Access to electricity is crucial for economic growth and development in Rwanda, and similarly in the rest of Africa.
RWAMAGANA, Rwanda, July 23, 2014 -- The Government of Rwanda is preparing to commission in early August 2014 the first utility-scale solar PV power plant in East Africa with a production capacity of 8.5 MWp. The project has commenced testing phase of up to 20% of its total capacity.
At present, less than one in five households in Rwanda have access to electricity, and this will increase the country's production capacity by up to 8%.
Access to electricity is crucial for economic growth and development in Rwanda, and similarly in the rest of Africa. Schoolchildren need electricity so that they can do their homework, and electricity is essential for better health services, communications, and for growth of the private sector. To put it simply, without electricity there can be no development.
In early July, Rwanda's Minister of Infrastructure, Prof. Silas Lwakabamba led a high-level delegation which visited the Gigawatt Global Rwanda Ltd construction site, the utility-scale solar power plant located near Agahozo-Shalom Youth Village (ASYV) in Rwamagana District, eastern Rwanda.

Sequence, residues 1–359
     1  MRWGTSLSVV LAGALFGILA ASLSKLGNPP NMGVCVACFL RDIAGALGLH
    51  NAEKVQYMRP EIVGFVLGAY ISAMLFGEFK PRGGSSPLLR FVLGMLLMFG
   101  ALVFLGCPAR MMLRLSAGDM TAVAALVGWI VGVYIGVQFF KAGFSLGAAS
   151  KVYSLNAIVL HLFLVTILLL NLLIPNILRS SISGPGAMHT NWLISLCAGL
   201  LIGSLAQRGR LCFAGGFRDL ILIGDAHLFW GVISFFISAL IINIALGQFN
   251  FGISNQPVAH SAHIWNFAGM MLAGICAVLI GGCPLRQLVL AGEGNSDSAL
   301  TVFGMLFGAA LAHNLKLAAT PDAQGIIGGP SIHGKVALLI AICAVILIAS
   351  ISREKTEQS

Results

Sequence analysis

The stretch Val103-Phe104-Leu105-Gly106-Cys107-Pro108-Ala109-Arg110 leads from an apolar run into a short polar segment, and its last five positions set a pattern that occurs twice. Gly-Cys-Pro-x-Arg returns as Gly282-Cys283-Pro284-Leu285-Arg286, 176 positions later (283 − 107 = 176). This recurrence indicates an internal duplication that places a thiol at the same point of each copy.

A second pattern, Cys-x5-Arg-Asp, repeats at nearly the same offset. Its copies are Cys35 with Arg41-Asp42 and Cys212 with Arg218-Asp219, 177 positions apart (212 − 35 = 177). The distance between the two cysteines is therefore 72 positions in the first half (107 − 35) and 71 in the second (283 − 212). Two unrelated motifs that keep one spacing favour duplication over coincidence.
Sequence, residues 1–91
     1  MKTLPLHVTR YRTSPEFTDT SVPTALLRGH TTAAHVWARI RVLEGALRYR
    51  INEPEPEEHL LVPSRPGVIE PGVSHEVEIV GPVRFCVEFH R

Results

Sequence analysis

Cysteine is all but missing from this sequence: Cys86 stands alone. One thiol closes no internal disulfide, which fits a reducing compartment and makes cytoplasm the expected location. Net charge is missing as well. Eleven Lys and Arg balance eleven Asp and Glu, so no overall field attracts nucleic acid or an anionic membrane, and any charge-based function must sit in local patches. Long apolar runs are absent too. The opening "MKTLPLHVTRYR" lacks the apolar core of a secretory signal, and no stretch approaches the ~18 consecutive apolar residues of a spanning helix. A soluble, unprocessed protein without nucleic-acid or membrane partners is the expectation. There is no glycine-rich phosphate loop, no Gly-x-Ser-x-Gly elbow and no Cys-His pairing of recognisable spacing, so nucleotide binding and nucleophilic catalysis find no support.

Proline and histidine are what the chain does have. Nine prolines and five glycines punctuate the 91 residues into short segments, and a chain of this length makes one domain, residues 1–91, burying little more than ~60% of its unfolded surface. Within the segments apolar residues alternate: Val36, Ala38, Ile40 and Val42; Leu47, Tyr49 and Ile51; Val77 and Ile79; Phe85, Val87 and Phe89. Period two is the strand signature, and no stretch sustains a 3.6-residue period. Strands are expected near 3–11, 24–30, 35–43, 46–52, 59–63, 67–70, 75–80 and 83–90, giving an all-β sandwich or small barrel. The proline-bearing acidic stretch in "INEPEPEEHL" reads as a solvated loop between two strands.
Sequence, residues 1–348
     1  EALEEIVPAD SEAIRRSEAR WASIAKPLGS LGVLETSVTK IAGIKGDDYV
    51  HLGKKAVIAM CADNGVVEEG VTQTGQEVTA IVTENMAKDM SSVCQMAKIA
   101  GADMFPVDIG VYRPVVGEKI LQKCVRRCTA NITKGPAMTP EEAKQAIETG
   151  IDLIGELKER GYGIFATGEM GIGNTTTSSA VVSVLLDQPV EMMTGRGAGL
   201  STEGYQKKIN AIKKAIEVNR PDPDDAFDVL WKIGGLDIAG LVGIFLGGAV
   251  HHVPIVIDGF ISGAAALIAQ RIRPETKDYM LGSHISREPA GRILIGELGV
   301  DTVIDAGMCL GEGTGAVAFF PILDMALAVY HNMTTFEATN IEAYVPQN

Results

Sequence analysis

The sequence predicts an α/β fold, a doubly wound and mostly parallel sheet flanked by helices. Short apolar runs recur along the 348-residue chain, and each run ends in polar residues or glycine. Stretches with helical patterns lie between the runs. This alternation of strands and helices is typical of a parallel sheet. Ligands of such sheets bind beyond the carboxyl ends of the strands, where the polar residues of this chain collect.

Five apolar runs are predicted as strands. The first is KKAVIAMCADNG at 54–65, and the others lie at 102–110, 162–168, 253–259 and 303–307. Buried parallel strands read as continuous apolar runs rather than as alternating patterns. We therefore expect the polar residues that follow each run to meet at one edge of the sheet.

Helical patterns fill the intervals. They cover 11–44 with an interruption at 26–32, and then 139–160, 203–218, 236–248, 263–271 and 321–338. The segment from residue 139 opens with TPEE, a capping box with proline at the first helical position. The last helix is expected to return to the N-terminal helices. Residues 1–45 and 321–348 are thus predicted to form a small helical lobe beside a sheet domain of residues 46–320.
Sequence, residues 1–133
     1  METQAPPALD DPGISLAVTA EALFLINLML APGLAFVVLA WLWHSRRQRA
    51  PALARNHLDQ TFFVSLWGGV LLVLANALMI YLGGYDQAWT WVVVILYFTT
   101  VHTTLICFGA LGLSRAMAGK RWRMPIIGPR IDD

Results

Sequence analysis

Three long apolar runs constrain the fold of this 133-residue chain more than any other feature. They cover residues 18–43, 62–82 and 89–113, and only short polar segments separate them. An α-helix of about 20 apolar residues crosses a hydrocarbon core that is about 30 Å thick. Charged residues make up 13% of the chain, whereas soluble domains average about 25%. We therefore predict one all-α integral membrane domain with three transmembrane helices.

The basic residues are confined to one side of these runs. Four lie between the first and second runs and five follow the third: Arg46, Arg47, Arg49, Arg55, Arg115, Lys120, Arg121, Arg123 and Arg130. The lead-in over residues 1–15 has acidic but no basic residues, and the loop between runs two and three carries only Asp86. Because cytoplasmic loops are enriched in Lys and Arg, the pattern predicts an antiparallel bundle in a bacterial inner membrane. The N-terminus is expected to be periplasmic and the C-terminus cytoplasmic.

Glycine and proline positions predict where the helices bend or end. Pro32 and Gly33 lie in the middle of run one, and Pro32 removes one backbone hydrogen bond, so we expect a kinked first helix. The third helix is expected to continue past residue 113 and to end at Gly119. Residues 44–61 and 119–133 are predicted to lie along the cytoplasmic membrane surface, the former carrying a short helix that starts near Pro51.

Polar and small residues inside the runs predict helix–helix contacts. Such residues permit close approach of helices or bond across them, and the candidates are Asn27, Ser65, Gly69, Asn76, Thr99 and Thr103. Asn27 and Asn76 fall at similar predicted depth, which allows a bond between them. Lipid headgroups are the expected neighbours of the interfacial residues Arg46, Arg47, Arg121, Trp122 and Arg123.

"Generation and provision of electricity to all Rwandans is a priority for the Government of Rwanda. This initiative to produce 8.5 megawatts of clean energy is an important addition towards closing Rwanda's current energy gap," said the Minister at the site.
The Norwegian company Scatec Solar is the Engineering, Procurement and Construction (EPC) company responsible for building the power plant, and Remote Partners is the local management and support firm. The project has been funded by Norfund (Norwegian Investment Fund for Developing Countries) and KLP.
The Dutch company Gigwatt Global is the developer of the project. Once the plant is on line, Scatec Solar will operate and maintain the plant which will feed electricity directly into the national grid. The price is lower than for electricity generated by diesel oil.
The Government is encouraging private sector involvement and private-public partnerships as part of its development policy. In addition, energy for all is an important goal in the fight against poverty. Energy must be affordable, energy supplies must be reliable, and last but not least, energy is ideally clean and renewable. Solar energy is an important part of the energy mix along with hydropower and other sources of renewable energy in Africa.